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Behav Brain Res. 1999 Nov 15;105(2):199-205.

Right eye use associated with decision to bite in zebrafish.

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Centre for Neuroscience, School of Biology, University of Sussex, Brighton, UK.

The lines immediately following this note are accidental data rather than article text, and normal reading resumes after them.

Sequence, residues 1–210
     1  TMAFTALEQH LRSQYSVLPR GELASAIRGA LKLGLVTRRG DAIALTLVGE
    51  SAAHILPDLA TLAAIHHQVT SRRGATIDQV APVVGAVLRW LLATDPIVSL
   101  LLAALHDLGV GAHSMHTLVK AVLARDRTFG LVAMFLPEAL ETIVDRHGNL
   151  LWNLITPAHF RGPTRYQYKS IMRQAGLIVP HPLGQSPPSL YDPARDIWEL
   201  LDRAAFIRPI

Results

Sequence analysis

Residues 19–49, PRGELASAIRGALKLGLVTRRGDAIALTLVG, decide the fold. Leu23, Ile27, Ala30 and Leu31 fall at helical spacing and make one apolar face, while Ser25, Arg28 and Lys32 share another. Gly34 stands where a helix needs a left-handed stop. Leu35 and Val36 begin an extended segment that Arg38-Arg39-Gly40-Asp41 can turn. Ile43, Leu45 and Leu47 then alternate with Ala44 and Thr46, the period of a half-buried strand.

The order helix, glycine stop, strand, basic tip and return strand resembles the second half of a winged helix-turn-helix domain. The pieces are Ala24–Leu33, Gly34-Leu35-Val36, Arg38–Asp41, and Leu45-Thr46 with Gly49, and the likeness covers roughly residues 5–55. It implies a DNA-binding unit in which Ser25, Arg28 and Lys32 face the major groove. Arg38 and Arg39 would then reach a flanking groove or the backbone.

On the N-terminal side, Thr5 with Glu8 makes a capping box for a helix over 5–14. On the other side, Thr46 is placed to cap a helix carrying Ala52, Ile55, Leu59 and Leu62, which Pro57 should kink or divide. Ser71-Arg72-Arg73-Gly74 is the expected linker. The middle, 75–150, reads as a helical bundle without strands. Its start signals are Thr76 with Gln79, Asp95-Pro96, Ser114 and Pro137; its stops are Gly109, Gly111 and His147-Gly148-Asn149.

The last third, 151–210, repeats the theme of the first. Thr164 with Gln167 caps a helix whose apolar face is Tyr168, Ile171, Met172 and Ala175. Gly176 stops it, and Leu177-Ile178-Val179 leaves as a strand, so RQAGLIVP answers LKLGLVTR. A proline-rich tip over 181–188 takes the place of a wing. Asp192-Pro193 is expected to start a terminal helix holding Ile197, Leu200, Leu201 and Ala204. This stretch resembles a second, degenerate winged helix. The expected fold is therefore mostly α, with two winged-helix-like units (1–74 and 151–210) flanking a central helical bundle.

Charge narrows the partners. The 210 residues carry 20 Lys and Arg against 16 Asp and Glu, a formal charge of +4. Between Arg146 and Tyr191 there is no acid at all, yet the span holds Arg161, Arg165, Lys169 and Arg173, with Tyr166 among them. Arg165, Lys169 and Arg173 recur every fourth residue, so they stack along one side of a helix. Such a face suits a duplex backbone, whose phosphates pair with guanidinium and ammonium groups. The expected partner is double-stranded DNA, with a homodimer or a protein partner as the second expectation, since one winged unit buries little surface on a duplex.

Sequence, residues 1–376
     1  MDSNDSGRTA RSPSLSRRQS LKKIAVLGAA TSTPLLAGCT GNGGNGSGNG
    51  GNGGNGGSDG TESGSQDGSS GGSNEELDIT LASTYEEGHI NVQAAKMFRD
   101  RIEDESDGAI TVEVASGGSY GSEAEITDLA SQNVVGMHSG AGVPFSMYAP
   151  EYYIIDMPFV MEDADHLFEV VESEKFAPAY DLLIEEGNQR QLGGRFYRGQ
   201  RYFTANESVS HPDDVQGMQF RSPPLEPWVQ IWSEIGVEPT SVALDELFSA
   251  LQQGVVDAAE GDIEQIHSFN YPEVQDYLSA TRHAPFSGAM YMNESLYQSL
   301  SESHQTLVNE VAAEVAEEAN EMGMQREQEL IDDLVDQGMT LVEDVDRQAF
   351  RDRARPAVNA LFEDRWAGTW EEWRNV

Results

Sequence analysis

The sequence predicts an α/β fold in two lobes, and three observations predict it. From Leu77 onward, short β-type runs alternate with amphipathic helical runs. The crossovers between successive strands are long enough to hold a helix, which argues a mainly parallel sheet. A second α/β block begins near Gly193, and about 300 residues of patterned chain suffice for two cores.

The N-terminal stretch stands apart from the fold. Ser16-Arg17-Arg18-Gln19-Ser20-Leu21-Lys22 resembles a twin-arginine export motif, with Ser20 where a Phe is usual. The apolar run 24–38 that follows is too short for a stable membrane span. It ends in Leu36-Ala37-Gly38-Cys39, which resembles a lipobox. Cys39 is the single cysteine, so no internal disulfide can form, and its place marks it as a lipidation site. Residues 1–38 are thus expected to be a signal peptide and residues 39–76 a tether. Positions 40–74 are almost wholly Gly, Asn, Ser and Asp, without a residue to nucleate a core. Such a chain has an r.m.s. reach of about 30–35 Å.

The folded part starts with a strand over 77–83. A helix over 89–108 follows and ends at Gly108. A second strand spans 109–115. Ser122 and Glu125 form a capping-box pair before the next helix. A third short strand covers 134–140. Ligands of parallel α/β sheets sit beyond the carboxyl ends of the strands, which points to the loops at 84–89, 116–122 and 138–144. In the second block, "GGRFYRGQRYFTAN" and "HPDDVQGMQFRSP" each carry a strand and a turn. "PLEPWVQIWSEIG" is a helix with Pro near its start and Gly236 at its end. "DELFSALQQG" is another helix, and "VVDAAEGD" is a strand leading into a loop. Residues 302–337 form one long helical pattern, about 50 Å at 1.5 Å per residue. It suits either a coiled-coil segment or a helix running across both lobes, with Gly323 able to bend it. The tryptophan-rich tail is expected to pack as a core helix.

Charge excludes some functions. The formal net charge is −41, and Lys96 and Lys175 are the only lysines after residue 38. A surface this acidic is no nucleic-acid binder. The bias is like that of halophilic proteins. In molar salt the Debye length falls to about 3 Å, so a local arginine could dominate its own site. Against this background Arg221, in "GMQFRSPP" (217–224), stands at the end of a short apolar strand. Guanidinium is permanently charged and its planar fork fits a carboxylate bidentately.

Cerebral lateralisation is revealed in the zebrafish by preferential eye use, which differs according to the visual stimulus that is being fixated. Past findings [Bisazza A, Pignatti R, Vallortigara G. Behav. Brain Res. 1997b;89:237-242; Miklósi A, Andrew RJ, Savage, H. Physiol. Behav. 1998;63:127 135] suggest that the right eye is used when the stimulus (or scene) is such as to require a careful period of examination in order to decide on a response. The left eye is used when the fish has to check whether an identical stimulus has been seen before. We here show that the same association of right eye use with decision to respond holds for biting at small targets (coloured or black and white beads). Biting and right eye use were both high at the first presentation of both types of bead, and fell together over two further trials with the same type of bead. At the fourth trial the appearance of the bead was changed. A change in colour caused both right eye use and biting to return, whereas a change in orientation of the black stripe on the black and white bead had no effect on either (and seemed to be largely ignored). In the case of the coloured beads, habituation of biting was accompanied by continued interest, shown by increased binocular fixation. The reduction in reliance on right eye viewing thus represents a change in the strategy of analysis rather than coming to ignore the stimulus. It would allow a greater involvement of the left eye system.

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